Divided Koreas move closer to setting up joint fishing area in East Sea, statement says


South and North Korea are still far apart over setting up joint fishing areas along their disputed western sea border but they have made some progress in establishing similar zones off their shared eastern sea border, a South Korean government report said Sunday.

In a statement posted on its Website, South Korea’s Unification Ministry said working officials of both Koreas made some meaningful headway on a proposal to open their shared eastern sea border to fishing boats from both sides.

“The South and the North agreed to actively cooperate to allow South Korean ships begin fishing at designated areas in the North Korean side of the East Sea within 2008,” the ministry said, outlining a six-point agreement reached at a two-day inter-Korean working meeting that ended at the North’s border city of Kaesong on Saturday.

The two Koreas have yet to agree on many specifics on the eastern sea border, including where to set up the proposed joint fishing areas, but they agreed on some details, including how South Korea should pay for its fish catch in the northern side of the border, it said.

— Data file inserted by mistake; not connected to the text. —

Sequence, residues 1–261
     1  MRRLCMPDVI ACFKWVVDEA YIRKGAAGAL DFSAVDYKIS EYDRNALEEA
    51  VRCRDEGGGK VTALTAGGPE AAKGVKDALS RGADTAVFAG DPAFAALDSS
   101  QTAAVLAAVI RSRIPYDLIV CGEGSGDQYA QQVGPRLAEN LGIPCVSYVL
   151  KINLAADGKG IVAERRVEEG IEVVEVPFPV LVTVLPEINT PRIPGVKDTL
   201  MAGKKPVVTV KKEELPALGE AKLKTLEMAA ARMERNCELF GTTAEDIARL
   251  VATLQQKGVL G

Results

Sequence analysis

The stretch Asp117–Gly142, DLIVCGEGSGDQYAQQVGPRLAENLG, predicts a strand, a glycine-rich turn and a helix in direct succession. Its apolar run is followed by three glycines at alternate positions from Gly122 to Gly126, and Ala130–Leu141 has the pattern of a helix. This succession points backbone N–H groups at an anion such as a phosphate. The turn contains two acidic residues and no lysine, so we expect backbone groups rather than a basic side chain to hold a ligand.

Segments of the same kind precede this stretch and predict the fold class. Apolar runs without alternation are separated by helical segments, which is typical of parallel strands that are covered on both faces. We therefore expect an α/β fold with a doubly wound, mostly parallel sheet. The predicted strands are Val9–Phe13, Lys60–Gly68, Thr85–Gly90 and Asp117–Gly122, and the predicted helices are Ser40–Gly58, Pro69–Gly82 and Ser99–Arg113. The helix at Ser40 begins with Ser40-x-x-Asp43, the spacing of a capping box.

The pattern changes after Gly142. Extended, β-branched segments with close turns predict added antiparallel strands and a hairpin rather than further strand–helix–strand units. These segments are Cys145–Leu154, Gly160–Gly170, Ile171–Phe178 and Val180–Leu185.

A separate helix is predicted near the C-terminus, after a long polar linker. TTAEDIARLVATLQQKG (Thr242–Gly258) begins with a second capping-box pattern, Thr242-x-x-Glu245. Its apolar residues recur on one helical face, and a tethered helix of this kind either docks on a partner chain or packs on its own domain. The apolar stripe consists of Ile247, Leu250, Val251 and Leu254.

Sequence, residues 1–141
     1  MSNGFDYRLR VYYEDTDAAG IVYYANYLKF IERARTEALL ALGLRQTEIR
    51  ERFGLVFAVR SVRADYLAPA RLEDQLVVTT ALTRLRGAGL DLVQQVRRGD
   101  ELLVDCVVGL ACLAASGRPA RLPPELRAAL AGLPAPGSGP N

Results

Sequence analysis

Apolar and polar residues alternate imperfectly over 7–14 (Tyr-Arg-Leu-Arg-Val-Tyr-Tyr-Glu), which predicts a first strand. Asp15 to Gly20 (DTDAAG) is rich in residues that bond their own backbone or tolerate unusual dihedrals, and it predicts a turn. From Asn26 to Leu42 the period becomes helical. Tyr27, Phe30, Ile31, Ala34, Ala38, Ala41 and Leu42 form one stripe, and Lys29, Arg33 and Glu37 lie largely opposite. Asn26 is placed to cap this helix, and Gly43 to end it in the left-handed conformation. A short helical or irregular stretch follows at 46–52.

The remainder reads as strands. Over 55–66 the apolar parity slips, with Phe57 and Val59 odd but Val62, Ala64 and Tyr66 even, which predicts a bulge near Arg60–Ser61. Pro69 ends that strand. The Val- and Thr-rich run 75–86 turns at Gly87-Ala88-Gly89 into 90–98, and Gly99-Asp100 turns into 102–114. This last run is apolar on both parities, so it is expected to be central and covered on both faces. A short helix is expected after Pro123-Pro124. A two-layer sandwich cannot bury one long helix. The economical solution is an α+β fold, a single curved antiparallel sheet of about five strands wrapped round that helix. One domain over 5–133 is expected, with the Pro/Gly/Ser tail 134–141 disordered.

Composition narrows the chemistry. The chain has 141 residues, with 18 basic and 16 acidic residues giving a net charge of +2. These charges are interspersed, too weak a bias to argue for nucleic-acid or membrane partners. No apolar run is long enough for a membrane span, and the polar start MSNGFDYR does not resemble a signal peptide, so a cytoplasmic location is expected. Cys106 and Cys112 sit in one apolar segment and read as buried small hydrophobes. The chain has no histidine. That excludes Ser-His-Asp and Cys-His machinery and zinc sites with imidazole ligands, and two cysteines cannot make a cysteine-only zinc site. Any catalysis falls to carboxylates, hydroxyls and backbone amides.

North Korea, among other things, agreed to allow South Korean ships to pay in goods, not cash, the statement said.

The sides also agreed to hold a new round of working talks early next year to discuss Seoul’s provision of “fishing implements and gears that will constitute its fishing fees” and other related issues,” it said.

They have also agreed to begin construction on a joint fishery research and storage center in the North before the end of the year, for which a survey team of some 20 South Korean officials will travel to the North on Dec. 21-25, according to the agreement.

It’s unclear how such agreement on the eastern sea border would affect efforts by the two Koreas to ease tension along their acutely disputed western sea border, the site of two bloody naval clashes in 1999 and 2002.

During an October summit, South Korean President Roh Moo-hyun and North Korean leader Kim Jong-il agreed to turn the disputed western maritime border into a peace zone in which fishing boats of both sides would jointly operate.

High-level military officials of both sides met at the inter-Korean border village of Panmunjom last week to discuss the western sea border but failed to reach agreement.

North Korea insisted that the proposed joint fishing areas in the West Sea must be established south of the Northern Limit Line (NLL), an interim border unilaterally set by the American-led U.N. Command right after the 1953 end of the Korean War.

South Korea turned down the North’s demand, counterproposing that any joint fishing area in the area must conjoin waters on both side of the NLL.


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